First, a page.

Verde Arzu’s Rainbow is a touching, coming-of-age story about learning to set aside other people’s expectations and live comfortably in your own skin.
Taylor is a hardworking basketball player at a historically black college who dreams of playing for the WNBA. After meeting fellow student Melony on a trip to D.C., Taylor is immediately attracted, but she’s not “out” to her teammates or her conservative family.
She and Melony begin a relationship, but Taylor’s fear of being outed culminates in a breakup. It takes a physical altercation and tough love from one of her teammates for Taylor to realize that her friends don’t care about her sexual orientation, they only care about her, finally giving her the self-confidence to commit to Melony.
This story highlights the lived experiences of LGBTQ people of color. Arzu’s prose skillfully plumbs the fear and uncertainty that LGBTQ youth often experience in the closet. We see this during Taylor and Melony’s first meeting, when Melony asks Taylor if all the girls on the basketball team are gay: “‘No!’ I defended with a nervous chuckle, and then rearranged my body in the bus seat, which suddenly felt cramped.” Arzu also doesn’t shy away from the intimate aspect of Taylor and Melony’s relationship, and the few sexually explicit scenes are tastefully done.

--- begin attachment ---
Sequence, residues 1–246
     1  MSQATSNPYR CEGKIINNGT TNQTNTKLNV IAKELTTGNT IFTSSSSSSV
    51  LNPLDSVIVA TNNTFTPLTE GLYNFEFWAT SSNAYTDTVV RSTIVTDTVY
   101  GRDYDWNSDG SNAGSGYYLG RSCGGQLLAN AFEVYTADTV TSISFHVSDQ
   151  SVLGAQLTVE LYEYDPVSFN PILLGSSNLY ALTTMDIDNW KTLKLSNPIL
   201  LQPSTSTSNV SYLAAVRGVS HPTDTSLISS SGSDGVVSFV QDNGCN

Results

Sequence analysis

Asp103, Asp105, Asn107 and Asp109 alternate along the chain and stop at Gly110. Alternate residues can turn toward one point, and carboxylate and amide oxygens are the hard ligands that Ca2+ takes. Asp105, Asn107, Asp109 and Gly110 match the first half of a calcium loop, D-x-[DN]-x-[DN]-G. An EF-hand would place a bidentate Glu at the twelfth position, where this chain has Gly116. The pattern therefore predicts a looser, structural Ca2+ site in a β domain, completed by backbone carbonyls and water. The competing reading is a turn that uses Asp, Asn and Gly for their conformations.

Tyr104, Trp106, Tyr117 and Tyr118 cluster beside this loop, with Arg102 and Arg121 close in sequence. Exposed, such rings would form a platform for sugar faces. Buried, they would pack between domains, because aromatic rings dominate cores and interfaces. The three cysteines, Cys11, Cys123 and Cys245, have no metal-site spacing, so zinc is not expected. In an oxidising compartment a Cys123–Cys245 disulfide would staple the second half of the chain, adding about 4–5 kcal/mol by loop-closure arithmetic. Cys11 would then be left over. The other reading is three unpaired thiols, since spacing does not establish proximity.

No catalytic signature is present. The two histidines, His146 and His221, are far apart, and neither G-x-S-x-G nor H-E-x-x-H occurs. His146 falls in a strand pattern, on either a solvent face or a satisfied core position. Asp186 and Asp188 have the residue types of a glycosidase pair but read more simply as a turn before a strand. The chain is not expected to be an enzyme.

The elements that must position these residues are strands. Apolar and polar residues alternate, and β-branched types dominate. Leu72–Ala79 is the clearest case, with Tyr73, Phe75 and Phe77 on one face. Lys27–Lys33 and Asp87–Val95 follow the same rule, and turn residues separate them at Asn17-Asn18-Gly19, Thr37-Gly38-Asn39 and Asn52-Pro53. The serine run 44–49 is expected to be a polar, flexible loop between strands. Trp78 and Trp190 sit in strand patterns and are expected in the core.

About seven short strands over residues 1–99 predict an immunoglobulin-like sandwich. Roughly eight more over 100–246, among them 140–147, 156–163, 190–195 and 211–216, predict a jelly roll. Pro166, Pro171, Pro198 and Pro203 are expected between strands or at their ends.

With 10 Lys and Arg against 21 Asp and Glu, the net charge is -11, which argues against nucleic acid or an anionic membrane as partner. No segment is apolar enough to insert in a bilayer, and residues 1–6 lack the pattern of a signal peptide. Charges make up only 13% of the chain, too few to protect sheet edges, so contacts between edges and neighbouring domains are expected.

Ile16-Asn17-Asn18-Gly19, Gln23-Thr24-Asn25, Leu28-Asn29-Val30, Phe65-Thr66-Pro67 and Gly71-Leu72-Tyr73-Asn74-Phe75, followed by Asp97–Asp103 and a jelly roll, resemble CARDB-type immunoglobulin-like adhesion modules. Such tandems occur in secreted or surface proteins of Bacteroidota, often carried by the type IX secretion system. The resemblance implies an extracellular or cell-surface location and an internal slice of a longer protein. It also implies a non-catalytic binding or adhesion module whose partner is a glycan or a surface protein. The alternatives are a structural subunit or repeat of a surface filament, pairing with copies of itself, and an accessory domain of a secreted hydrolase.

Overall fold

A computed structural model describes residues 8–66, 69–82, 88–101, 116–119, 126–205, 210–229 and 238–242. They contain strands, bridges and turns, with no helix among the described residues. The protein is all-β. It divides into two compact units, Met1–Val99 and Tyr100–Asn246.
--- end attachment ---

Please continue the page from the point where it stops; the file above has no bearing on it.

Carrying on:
There’s a time-shift of many months in the middle of the story, which risks confusing readers. Additionally, the novella mostly ignores other aspects of Taylor’s life that could help develop her character, such as her classes and family. Occasionally, the dialogue rings hollow. When stating that George Bush doesn’t care about black people, Melony says, “If he did, he wouldn’t have been aloof and ignorant about the crisis that was visibly boiling over as [Hurricane Katrina] approached the Gulf Coast.”
Such issues aside, Rainbow is a poignant, important story about a young, black, queer woman taking ownership of her identity and her future.
Also available in hardcover and ebook.